In the run-up to Junk, Anthony Gonzalez said that “on the last album, there was too much of me,” referring to his centerpiece vocals on Hurry Up, We’re Dreaming. The 2011 record broke through to the mainstream with Gonzalez fronting the majority of his M83 compositions for the first time, a role he apparently found limiting.
On Junk, he returns to his man-behind-the-curtain role, designing widescreen pop from a distance. So while he certainly doubles-down on collaborators (Beck, among others) and limits the use of his own singing voice on the new record, he simultaneously loses much of his own signature. This is unexpected—M83’s mark was never etched by who was singing, whether it was himself, Zola Jesus, or a young voice narrating dystopian mini-movies. It’s an admirable effort to not simply repeat a successful album, but Junk is more often pastiche than absorption or reconfiguration of ’80s nostalgia.
True to its name, the album art has “Junk” spelled in the Punky Brewster font. One song sounds like an instrumental take on the Love Boat theme. There’s a fully committed, soft-cheese ’70s ballad; and two tracks feature Mai Lan and Gonzalez trading seductive vocals in his native French. Elsewhere there is a mondo radical Steve Vai guitar solo—reminiscent of Eddie Van Halen on “Beat It”—at the absurd end of “Go!”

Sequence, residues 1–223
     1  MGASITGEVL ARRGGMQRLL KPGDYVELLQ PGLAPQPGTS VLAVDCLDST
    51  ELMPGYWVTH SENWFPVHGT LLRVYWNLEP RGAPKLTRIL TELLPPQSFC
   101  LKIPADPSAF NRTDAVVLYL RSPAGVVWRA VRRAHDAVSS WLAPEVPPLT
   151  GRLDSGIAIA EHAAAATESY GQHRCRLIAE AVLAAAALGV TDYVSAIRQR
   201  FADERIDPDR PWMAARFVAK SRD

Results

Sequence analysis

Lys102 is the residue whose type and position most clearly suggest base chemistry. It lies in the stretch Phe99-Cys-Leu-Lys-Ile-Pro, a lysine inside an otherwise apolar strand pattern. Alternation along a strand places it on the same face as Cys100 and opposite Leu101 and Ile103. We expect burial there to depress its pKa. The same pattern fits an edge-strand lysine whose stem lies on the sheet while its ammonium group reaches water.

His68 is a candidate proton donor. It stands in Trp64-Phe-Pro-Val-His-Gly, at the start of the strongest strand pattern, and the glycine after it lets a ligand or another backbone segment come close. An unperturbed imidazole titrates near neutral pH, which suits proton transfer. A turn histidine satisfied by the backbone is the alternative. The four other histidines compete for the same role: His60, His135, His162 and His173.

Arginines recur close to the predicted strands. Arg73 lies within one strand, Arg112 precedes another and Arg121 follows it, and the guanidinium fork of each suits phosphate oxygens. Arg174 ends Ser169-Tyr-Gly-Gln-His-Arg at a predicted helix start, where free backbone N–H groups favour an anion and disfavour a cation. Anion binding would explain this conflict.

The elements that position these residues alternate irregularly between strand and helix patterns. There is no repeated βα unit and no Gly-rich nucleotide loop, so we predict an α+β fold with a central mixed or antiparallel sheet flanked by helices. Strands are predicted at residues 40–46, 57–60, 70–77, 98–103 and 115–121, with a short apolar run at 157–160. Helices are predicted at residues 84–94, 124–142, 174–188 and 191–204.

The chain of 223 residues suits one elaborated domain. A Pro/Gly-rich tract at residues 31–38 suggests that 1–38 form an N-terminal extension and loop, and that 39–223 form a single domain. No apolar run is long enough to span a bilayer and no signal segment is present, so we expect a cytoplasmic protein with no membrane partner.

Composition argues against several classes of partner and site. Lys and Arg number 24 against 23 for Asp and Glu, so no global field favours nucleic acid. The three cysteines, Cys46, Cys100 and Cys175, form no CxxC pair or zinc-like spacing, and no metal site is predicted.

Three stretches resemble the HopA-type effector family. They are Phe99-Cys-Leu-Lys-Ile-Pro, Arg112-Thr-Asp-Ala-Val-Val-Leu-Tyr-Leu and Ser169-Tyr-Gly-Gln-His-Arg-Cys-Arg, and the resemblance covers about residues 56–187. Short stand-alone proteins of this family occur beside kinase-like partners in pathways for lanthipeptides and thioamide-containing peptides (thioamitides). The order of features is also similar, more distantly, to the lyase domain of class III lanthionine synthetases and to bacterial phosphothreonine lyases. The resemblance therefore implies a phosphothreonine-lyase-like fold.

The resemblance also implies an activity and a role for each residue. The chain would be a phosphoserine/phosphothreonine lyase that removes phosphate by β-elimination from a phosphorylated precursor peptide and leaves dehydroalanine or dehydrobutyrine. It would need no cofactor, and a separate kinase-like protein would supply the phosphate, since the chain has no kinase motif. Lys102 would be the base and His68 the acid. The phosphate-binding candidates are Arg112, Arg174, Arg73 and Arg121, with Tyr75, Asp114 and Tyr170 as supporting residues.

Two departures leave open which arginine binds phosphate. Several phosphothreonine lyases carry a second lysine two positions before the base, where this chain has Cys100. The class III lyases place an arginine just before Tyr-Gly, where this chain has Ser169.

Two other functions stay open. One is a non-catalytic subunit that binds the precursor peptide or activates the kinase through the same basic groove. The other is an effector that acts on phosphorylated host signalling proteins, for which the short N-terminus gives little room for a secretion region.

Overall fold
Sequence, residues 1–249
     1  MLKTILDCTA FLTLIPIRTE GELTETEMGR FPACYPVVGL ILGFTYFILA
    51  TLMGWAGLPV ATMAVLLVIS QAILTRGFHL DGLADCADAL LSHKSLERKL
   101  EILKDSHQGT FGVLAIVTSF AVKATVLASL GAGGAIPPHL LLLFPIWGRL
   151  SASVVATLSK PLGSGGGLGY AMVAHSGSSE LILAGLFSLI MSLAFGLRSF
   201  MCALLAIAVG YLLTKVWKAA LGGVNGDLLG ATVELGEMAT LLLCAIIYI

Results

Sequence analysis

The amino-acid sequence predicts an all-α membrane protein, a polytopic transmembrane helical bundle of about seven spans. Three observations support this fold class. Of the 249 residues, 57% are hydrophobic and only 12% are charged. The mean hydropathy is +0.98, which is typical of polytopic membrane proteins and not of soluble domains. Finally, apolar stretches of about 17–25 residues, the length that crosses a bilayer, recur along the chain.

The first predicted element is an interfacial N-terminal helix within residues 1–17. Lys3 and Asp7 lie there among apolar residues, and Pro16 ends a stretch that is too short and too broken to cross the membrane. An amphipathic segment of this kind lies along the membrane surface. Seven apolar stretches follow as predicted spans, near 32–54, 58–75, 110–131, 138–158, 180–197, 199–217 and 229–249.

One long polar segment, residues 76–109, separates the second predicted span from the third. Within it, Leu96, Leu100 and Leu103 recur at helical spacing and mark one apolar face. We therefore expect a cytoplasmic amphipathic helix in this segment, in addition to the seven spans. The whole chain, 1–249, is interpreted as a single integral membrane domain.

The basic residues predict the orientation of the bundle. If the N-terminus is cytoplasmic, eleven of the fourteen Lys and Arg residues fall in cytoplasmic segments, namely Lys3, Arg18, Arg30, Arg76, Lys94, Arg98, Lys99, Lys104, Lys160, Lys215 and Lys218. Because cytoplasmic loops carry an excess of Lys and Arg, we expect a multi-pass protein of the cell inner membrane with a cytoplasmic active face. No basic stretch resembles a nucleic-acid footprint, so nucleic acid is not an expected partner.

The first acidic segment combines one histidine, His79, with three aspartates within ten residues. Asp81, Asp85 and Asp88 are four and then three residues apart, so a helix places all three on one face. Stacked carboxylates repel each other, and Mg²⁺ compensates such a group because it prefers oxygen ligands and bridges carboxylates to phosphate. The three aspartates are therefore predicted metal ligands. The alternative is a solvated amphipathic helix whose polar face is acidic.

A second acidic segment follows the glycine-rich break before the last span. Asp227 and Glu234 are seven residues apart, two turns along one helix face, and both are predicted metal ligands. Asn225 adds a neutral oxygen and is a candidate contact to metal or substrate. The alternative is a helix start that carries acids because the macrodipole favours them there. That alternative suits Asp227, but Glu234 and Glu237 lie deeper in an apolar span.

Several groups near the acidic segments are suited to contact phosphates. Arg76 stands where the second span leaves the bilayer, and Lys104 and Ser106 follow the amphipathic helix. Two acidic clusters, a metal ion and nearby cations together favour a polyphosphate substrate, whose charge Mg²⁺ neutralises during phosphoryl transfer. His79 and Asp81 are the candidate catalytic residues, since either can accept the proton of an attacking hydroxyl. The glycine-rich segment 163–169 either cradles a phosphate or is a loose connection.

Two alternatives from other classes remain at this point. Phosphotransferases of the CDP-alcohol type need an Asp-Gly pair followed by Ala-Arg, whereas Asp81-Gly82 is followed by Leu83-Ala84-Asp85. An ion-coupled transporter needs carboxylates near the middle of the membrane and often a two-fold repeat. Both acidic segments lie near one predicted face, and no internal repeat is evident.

As such, ’80s pop-funk from Michael Jackson or The Time are occasional reference points scattered between contemporary EDM and classic house, among others. An irritable writer might be tempted to pin one of Junk’s many locations between Mark Ronson and Bruno Mars’ “Uptown Funk” and Macklemore and Ryan Lewis’ “Downtown,” perhaps a neighborhood called Midtown Junk. Not garbage, but junk as in bric-a-brac, or ephemera. Still, there is a kind of neon fun to be had while hanging out with Junk, a place where no saxophone is too smooth, where no whim is left unindulged. “Laser Gun” is an especially cool blast of ’80s dance, beginning uneasily like Blondie’s “Rapture” before quickly finding its groove in a hopscotch chant that wouldn’t sound out of place on a Go! Team record.
Junk’s bar napkin organization never finds the kind of pacing and perspective that made “epic” such a tempting word to describe past M83 albums. He acknowledges the lack of continuity in the press materials, remarking that we live in a digital singles world, describing today’s art floating in space like tomorrow’s trash. Listeners are going to “just pick a track they like to put it on a playlist,” he says. “They’re not going to take the time to listen to an album anymore because they have to jump onto the next thing.” One can imagine that idea going double for Gonzalez as he crafted Junk, skipping from one pet interest to another, opening every shoebox of the brain and emptying its contents wherever they lie